Directed by Betty Thomas. Starring Owen Wilson, Eddie Murphy, Famke Janssen and Malcolm McDowell.

A misfit, a mouth and a mission. Alex Scott (Wilson) is the rookie secret agent who bungles assignments but somehow manages to get himself back to base in one piece. Kelly Robinson (Murphy) is the world boxing champ, undefeated in 57 bouts and gearing up for 58. What brings them together is the Switchblade, a prototype fighter jet stolen by arms dealer Gundars (McDowell) and hidden somewhere near his base in Budapest - the venue for Robinson's next title defence. The only way for Scott to infiltrate boxing fan Gundars' lair is to join Robinson's entourage, but can they stop arguing long enough to keep their cover intact?

A box office letdown in the US, Betty Thomas' take on the 60's TV hit is no 'Midnight Run' but her cast works far better than most production line buddy movies. With Murphy in the mood and Wilson's lazy drawl making you laugh even when you're not supposed to, the leads were here for a great mix of slapstick and shootouts - if only they had a better script. Having gelled so well both actors deserved more and the scenes where they get it - Wilson's attempt at seducing Janssen and a bonding session in a Budapest sewer - show just what Thomas could've created with the right writers.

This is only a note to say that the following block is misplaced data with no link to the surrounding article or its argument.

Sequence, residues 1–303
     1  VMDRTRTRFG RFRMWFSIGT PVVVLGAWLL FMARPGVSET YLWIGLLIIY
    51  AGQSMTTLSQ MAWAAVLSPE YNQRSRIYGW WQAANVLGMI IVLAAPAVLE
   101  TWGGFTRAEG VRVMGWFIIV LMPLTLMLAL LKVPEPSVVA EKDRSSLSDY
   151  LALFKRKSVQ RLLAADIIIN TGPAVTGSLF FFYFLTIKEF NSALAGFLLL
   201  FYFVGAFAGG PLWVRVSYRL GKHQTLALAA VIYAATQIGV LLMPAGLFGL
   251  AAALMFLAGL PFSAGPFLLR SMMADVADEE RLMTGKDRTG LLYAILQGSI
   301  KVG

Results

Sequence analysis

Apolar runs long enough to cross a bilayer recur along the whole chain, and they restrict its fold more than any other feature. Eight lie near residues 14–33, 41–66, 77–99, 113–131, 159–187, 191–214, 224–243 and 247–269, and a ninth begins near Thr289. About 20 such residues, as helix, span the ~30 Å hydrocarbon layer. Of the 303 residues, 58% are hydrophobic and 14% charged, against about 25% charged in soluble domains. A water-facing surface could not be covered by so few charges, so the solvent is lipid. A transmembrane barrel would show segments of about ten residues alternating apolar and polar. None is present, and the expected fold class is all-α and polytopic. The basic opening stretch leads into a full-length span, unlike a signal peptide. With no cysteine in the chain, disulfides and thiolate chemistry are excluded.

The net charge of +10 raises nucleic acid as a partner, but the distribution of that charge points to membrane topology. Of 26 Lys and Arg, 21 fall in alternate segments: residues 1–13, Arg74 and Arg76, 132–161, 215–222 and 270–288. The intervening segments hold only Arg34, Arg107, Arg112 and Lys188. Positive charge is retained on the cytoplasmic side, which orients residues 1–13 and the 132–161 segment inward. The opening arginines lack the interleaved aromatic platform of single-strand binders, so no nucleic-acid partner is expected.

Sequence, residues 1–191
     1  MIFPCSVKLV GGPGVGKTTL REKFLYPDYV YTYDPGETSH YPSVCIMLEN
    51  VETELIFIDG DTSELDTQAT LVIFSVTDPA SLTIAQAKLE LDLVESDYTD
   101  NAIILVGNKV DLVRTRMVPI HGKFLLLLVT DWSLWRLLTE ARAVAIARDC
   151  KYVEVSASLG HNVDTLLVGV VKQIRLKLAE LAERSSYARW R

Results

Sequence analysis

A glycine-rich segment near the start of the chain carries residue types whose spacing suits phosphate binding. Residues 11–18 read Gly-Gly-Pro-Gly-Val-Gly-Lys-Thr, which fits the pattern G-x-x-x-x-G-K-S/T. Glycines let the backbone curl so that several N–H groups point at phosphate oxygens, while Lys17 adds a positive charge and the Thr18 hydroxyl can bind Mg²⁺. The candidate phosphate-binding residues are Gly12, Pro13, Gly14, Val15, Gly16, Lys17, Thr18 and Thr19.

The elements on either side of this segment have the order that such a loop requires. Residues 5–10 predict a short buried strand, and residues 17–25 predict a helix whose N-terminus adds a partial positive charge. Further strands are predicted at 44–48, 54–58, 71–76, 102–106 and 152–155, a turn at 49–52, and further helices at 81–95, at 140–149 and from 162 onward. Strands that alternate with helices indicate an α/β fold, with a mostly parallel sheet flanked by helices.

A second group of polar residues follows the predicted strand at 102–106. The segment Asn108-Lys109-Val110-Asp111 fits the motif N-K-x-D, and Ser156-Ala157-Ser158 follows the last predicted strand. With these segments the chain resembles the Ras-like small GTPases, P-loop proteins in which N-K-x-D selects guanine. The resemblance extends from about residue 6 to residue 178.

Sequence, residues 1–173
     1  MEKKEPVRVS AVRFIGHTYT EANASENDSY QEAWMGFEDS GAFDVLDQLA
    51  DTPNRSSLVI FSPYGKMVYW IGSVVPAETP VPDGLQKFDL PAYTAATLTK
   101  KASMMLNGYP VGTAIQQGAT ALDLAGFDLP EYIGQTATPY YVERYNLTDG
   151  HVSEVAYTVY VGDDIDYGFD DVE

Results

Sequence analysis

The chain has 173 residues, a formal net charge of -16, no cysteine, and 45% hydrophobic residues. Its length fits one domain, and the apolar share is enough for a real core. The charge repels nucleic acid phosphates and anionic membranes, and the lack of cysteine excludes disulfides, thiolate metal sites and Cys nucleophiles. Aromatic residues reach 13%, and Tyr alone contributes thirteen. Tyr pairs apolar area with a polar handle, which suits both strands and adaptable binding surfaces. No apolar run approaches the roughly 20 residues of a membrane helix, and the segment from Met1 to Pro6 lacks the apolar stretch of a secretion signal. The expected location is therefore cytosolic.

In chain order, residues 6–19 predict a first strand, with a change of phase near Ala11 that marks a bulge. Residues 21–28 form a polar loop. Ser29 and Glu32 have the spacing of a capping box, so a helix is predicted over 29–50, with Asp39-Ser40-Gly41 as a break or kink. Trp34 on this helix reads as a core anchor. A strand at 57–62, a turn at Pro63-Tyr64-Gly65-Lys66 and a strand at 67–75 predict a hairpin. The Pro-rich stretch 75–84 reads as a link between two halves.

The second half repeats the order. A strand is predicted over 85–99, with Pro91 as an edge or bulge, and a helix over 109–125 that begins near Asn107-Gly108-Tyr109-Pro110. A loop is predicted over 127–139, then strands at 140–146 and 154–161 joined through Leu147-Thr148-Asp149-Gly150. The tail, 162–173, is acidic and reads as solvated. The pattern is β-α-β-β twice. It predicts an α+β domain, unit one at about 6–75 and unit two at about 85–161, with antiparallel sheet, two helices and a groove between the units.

There are some nice send ups of the genre as Wilson's character finds himself lumbered with gadgets the size of outboard motors and a partner who complicates situations he's already made a mess of, but the action scenes aren't half as fun as watching two adult men trading playground insults.

Credit to Murphy and Wilson for making the most of it, but for Thomas it's a case of must spy harder.

Harry Guerin